b 








1 


6 


ca 3 




jS 


'%'s 


.2 2' 


YEAR 




^ 




g 




fc- 




S£ 




% 


■3s 


|E 




53 






a. 


V 




c. 


xO 


a 




u ° 






o 


s 


3 






~ 




J=-a 


i 





s- 


i- 




^ 


-? 


s 


1 


% 


-I 


g 


3' 


^ 


"o 


11 


Is 


187-1 




438.8 


7.6 




7.6 


' 19.2 




80.7 






330.7 


184.6 


1S7B 




150.0 


57.6 




30.0 


50.0 


76 .'9 


65.3 








469.2 


188.4 


1S77 




92.3 


34.6 






61.5 


73.0 


211.5 








400.0 


14B.1 


1878 




77.7 


77.7 






22.2 




129.6 








337.0 


137.0 


1879 




137.0 


59.2 








59 .2 


48.1 








433.3 


155.5 


1880 




148.1 


37.0 




2.5 .'9 


3.5 


51.8 


151.8 








374.0 


251.8 


1881 




160.0 


60.0 




10.0 


21.4 


3.5 


196.4 








289.2 


110.7 


1882 




75.0 


46.4 




3.2 


96.4 


3.5 


71.4 








267.8 


110.7 


1883 




89.2 


17.8 






75.0 




242.8 








196.4 


71.4 


1884 


'. '.'. 


106.8 


41.3 






41.3 


24 .'i 


165.5 








293 . 1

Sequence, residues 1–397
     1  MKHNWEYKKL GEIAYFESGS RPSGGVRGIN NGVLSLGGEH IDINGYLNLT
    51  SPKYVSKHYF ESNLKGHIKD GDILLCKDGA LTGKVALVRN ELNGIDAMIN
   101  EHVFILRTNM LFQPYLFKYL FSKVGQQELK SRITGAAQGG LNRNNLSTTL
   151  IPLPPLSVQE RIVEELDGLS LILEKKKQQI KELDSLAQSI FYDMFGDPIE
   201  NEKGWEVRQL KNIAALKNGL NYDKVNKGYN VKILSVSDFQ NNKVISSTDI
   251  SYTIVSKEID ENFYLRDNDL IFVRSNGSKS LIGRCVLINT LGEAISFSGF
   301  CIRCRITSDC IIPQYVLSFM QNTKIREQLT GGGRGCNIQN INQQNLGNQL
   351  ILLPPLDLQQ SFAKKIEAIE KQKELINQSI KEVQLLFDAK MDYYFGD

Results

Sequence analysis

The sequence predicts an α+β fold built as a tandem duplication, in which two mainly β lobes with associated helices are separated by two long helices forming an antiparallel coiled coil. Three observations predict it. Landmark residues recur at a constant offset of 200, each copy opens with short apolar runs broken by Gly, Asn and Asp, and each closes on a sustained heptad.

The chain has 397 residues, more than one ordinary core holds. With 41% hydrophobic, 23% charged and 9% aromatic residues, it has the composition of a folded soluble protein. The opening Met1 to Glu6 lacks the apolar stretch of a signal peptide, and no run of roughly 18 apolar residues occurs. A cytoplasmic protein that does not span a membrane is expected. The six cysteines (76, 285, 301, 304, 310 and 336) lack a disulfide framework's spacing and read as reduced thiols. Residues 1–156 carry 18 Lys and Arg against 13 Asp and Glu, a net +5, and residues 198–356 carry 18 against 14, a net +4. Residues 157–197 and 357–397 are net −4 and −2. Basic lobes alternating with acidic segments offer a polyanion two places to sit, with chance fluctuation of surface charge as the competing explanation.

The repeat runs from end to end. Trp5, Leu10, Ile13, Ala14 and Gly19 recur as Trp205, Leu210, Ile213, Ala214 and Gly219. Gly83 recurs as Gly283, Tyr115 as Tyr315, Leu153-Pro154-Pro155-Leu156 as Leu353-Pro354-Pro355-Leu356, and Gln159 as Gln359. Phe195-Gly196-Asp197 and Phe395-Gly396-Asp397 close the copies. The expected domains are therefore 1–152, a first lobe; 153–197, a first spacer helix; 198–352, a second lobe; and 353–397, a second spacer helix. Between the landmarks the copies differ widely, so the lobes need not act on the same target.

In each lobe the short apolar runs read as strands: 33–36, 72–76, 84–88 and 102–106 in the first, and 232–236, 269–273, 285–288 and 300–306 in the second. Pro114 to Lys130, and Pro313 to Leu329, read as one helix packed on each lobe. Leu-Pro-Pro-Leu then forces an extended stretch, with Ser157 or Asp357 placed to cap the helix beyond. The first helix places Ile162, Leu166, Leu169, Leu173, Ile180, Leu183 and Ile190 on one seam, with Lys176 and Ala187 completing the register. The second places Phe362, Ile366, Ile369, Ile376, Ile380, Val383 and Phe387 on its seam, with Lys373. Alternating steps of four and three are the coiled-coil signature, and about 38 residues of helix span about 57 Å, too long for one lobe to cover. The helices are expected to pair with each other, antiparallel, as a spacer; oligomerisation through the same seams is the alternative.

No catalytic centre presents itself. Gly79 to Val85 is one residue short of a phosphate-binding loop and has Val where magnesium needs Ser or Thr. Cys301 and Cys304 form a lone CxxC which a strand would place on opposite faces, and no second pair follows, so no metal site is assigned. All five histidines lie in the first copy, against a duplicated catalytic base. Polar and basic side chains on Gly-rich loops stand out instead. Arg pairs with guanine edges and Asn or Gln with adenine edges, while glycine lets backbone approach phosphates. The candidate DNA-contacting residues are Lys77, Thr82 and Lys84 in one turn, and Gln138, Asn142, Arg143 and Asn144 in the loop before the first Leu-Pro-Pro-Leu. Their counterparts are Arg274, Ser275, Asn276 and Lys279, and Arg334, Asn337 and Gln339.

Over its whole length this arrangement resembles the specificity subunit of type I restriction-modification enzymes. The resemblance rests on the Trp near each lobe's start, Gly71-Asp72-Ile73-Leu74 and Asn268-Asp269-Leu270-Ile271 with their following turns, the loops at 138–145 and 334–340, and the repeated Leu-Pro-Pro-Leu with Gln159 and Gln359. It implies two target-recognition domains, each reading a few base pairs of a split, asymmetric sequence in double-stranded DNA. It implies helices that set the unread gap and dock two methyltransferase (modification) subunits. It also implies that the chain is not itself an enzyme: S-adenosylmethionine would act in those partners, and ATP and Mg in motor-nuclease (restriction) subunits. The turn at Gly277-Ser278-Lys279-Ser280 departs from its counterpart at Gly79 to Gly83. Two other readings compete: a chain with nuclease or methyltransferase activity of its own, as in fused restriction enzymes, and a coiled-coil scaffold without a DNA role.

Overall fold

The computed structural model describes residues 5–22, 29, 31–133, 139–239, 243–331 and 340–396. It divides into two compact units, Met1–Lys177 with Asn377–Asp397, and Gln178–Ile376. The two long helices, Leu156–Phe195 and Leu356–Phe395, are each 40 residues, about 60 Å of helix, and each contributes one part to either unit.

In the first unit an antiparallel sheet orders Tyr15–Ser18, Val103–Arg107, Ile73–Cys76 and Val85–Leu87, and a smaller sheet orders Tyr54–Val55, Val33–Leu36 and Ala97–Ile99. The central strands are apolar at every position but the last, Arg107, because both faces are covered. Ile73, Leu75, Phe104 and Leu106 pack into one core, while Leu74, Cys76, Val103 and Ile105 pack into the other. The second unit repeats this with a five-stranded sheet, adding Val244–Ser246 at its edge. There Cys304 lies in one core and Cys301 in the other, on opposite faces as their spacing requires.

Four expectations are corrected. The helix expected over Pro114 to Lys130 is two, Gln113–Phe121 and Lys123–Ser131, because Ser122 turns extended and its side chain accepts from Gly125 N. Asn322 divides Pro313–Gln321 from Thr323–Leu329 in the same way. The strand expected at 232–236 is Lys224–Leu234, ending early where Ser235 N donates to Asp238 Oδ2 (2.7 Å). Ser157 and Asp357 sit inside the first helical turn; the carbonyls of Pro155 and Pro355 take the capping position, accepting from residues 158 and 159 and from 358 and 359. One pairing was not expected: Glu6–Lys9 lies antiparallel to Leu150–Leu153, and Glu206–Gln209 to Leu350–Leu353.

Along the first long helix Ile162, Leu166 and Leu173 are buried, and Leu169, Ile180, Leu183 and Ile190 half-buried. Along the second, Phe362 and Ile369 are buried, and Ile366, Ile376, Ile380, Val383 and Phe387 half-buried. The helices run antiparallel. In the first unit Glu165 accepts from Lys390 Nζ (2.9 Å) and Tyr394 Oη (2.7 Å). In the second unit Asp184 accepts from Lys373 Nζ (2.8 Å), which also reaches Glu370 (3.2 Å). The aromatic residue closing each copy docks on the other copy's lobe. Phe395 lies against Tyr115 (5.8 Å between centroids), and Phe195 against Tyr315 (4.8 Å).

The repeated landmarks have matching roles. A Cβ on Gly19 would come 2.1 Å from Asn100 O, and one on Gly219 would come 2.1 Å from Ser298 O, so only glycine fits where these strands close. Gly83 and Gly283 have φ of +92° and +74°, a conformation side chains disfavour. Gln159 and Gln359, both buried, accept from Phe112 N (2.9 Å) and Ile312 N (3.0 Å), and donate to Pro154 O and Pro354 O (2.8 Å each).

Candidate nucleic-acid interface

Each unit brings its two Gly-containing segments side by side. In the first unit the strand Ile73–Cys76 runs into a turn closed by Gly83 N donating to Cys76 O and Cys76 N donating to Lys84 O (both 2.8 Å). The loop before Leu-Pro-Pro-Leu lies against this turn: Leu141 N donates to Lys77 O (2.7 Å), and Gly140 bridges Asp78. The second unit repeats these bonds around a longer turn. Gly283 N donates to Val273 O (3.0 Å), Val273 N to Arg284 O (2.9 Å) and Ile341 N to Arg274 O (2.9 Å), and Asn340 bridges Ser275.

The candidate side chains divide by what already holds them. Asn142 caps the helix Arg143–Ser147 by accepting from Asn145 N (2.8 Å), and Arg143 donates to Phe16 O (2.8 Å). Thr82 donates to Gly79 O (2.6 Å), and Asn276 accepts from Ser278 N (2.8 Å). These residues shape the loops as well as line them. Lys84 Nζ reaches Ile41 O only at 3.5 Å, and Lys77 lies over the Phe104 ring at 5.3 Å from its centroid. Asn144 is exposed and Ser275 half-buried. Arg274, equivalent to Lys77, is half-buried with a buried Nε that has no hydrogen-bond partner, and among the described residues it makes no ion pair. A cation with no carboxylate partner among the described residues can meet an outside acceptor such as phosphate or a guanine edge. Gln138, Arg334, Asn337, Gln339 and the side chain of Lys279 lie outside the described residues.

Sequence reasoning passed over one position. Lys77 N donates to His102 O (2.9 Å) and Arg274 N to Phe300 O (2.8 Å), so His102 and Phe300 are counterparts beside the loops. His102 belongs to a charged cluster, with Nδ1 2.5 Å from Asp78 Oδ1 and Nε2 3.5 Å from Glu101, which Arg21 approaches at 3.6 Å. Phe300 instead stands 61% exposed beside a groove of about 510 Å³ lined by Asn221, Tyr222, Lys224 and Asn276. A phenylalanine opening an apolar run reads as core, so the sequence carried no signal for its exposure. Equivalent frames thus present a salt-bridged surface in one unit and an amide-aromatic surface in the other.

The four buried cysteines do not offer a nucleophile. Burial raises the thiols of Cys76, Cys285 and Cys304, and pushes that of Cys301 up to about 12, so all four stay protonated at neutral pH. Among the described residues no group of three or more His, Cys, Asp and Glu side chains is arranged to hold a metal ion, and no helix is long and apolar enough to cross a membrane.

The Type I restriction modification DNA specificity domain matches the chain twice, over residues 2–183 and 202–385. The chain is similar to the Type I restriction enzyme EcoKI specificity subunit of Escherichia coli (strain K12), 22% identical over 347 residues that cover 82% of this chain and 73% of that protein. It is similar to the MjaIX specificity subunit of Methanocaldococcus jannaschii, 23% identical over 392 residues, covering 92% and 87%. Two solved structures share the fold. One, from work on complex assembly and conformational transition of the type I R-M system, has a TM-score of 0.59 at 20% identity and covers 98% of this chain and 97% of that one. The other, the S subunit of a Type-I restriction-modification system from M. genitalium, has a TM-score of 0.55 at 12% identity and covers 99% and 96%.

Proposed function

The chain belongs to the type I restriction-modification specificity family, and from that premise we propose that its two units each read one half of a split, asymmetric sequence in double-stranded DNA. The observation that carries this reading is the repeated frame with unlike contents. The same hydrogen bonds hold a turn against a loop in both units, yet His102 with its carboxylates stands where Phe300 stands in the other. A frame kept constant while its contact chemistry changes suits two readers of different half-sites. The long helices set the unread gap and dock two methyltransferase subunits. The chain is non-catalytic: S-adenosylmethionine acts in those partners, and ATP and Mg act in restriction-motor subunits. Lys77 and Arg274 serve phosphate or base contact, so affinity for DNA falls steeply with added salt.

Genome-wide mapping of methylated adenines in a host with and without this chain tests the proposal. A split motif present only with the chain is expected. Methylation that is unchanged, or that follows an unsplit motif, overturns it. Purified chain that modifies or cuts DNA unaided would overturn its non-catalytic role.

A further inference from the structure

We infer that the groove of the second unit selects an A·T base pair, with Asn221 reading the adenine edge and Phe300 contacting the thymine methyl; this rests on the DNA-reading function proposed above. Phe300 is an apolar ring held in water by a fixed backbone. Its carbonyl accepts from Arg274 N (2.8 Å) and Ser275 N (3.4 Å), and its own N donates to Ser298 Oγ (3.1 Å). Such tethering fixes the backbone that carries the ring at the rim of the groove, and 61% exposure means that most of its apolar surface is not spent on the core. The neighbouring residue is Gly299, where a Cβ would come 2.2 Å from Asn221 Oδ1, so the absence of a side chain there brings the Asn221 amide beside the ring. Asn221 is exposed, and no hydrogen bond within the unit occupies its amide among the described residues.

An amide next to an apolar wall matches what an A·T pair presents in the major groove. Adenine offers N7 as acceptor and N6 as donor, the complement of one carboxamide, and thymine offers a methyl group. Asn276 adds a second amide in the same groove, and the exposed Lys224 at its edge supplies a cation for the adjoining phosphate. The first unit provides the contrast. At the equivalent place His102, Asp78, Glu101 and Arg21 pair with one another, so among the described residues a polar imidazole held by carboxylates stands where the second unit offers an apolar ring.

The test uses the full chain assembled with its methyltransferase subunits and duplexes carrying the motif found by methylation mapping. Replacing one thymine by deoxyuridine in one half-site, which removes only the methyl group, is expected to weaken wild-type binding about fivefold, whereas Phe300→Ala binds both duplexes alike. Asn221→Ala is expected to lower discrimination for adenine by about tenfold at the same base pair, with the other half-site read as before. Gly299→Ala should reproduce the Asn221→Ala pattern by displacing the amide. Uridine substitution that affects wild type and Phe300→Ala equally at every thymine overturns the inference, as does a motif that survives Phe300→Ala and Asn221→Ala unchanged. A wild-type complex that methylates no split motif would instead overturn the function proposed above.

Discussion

148.2 


1885 




82.7 


24.1 






3.4 


10.0 


51.7 








355.1 


110.3 


1895 


16.1 


70.8 






14.7 


2.9 


5.9 


56.0 








156.4 




1896 


15.1 


49.4 








8.7 


2.9 


93.1 








119.3 




1S97 


15.fi 


25. S 






'. '. '. 


2.8 




43.0 








134.9 




1898 


14.7 


22.6 






2.8 


14.1 


h'.e 


8.4 








144.4 




1899 


14.7 


19.5 


5 . 5 






5.5 


2.7 


.5 . 5 


8!3 




81.0 


159^3 


1900 




30.3 


8.'3 


2^8 


2.'8 




2.8 


27.6 


2.8 




187.6 


124.1 


1901 


14 is 


40.8 








ii!6 




2.7 


27.2 




201.5 


79.0 


1902 


15.0 


56.4 


k'.l 


5!4 


'^'a 


16.1 




22.0 


11.0 




196.2 


110.2 


1903 


14.7 


39.8 


8.0 


2.6 


2.6 


5.3 


2.6 


13.3 


21.3 




161.9 


98.2 


1904 


15.4 


52.4 












7.9 


13.1 




207.1 


159 . 9 


1905 


15.6 


27.5 


2^7 


5.5 


.C 


8.2 


liio 


13.7 


19.2 




205.9 


107.1 


190(5 


12.9 


33.2 


7.7 






2.6 


... 


7.7 


20.5 




130.4 


48.6 


1907 


16.5 


21.9 


7.7 




u.h 




16.4 


00.3 


30.1 




211.0 


76.7 


1908 


14.4 


22.5 


2.5 








12.5 


17.5 


30.0 




187.3 


79.9 


1909 


13.6 


38.3 


2.7 




'.'.'. 




... 


24.6 


10.9 




169.6 


101.2 


1910 


16.6 


27.3 


8.2 








21.9 


27.3 


8.2 




169.4 


136.6 


1911 


18.1 


30.0 






24.6 




2.7 


38.2 


19.1 




180.2 


163.8 


1912 


14.7